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Hamas and Israel: Let’s Call the Whole Thing Off

So, Hamas has decided that a few months’ respite from resistance was too great a betrayal of the cause, and has decided to end its cease-fire with Israel. Fusillades of rockets are falling once again on southern Israel. What should … Read More

By / December 22, 2008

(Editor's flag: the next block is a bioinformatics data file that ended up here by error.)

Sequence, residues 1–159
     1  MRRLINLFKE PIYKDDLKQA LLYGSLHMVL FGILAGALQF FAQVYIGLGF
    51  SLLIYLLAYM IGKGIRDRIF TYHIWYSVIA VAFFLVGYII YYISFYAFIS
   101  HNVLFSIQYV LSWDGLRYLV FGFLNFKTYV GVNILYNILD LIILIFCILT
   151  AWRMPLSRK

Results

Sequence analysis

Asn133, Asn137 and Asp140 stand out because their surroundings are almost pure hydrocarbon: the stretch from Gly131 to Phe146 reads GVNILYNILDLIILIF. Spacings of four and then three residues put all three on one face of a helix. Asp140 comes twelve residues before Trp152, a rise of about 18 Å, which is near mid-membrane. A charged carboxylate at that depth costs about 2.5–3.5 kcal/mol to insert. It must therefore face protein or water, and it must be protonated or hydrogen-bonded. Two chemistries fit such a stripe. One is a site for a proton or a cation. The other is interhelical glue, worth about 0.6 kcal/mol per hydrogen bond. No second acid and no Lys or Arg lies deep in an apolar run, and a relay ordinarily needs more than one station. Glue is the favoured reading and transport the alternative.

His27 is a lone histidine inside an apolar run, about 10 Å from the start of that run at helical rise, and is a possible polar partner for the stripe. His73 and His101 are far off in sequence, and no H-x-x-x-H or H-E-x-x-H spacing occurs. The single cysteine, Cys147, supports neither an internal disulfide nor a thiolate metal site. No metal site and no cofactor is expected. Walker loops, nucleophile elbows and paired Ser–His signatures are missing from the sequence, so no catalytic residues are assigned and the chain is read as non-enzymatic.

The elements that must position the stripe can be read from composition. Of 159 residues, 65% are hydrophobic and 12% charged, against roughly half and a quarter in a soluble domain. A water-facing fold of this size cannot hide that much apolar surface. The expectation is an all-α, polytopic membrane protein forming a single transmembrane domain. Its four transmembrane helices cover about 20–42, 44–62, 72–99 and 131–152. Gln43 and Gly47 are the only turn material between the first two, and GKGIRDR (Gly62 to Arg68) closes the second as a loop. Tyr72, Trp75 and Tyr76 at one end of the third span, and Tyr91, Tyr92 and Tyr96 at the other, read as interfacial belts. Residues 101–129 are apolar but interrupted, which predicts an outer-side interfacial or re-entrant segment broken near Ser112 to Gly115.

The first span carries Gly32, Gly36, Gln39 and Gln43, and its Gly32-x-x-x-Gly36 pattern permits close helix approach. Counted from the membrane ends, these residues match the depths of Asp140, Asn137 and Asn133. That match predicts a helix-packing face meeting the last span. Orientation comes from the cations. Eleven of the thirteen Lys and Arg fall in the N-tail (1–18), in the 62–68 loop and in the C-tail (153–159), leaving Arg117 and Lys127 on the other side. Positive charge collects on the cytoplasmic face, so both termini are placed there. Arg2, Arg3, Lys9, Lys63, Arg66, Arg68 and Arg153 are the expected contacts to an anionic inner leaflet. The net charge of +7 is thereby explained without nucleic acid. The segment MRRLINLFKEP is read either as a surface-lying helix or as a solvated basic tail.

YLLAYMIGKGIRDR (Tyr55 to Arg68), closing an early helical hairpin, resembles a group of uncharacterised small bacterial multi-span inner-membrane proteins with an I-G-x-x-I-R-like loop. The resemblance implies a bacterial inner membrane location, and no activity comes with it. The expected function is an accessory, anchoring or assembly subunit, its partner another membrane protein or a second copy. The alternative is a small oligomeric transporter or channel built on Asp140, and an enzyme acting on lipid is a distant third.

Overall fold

So, Hamas has decided that a few months’ respite from resistance was too great a betrayal of the cause, and has decided to end its cease-fire with Israel. Fusillades of rockets are falling once again on southern Israel. What should Israel do? For starters, Egypt, which has been almost completely ineffective as a mediator between Israel and Hamas, should be ignored. Egypt’s priority throughout the crisis has been to insulate itself from the chaos emanating from Gaza. The Mubarak regime is weak and its competence limited; it asks Hamas to stop firing rockets, but demands that Israel not respond to such provocations. Egypt prefers quiet but will settle for low-level conflict — anything to keep the Gaza cauldron from spilling into its territory or inciting its own radicals. Israel is in a different kind of predicament. Invading Gaza and sending the Hamas leadership to the grave, along with many of the group’s fighters, is perfectly warranted — but such a strategy contains serious downside risks. The Fatah party is too weak, incompetent, and estranged from Gaza to replace a toppled Hamas regime. This effectively leaves Israel without an exit strategy. And should Israel invade, the "international community" would descend into hysterics almost as fast as Khaled Mashaal can denounce the Zionist devils. A major military operation would be met with shrill media condemnations and allegations of civilian massacres not seen since the Hezbollah war in 2006, and right now the Olmert government is not strong or popular enough to weather such a storm. The Palestinians learned a valuable lesson in 2002 when for a few weeks they convinced the world that Israel had perpetrated the mass-murder of civilians in Jenin: next time, produce some bodies. Hamas will make sure that any Israeli incursion is accompanied by as many dead civilians (preferably children) as possible. Already, Hamas has been documented using kids to retrieve rocket launchers off the battlefield, hoping that they will be cut down by Israeli return fire. Nobody wants to instigate what will undoubtedly be a series of international crises two months before a national election. Which brings up the electoral dynamic. The outgoing Olmert government is focused on the easy pursuit of largely meaningless peace negotiations with Syria. The minister of defense, Ehud Barak, is attempting (however implausibly) to become Prime Minister, and does not want his electoral fortunes to be afflicted by a military operation that will be a going concern on election day. And none of the contenders — Barak, Livni, and Bibi — wish to make promises about Gaza that will be attacked by their rivals, and which they might have to either keep or abandon later. There is a policy that Israel should pursue in the interim, however: targeted killings of Hamas leaders. For one, the leadership deserves to die far more than do the brainwashed teenaged minions sent into battle on their behalf. Targeted killings keep the IDF off the battlefield in Gaza, reducing the likelihood fabricated massacre claims. And most importantly, targeted killings strike Hamas at their most vulnerable point: the leadership wishes to protect its rule over the mini-Iran that it has established on the Mediterranean. The IDF could establish meaningful short-term deterrence by killing as many Hamas leaders and commanders as possible, and make the group fear for its existence. It wouldn’t be such a bad idea to kill Khaled Mashaal in Damascus as well. Targeted killings are both the most morally defensible way to wage war, and among a host of bad options, will probably be the most successful.

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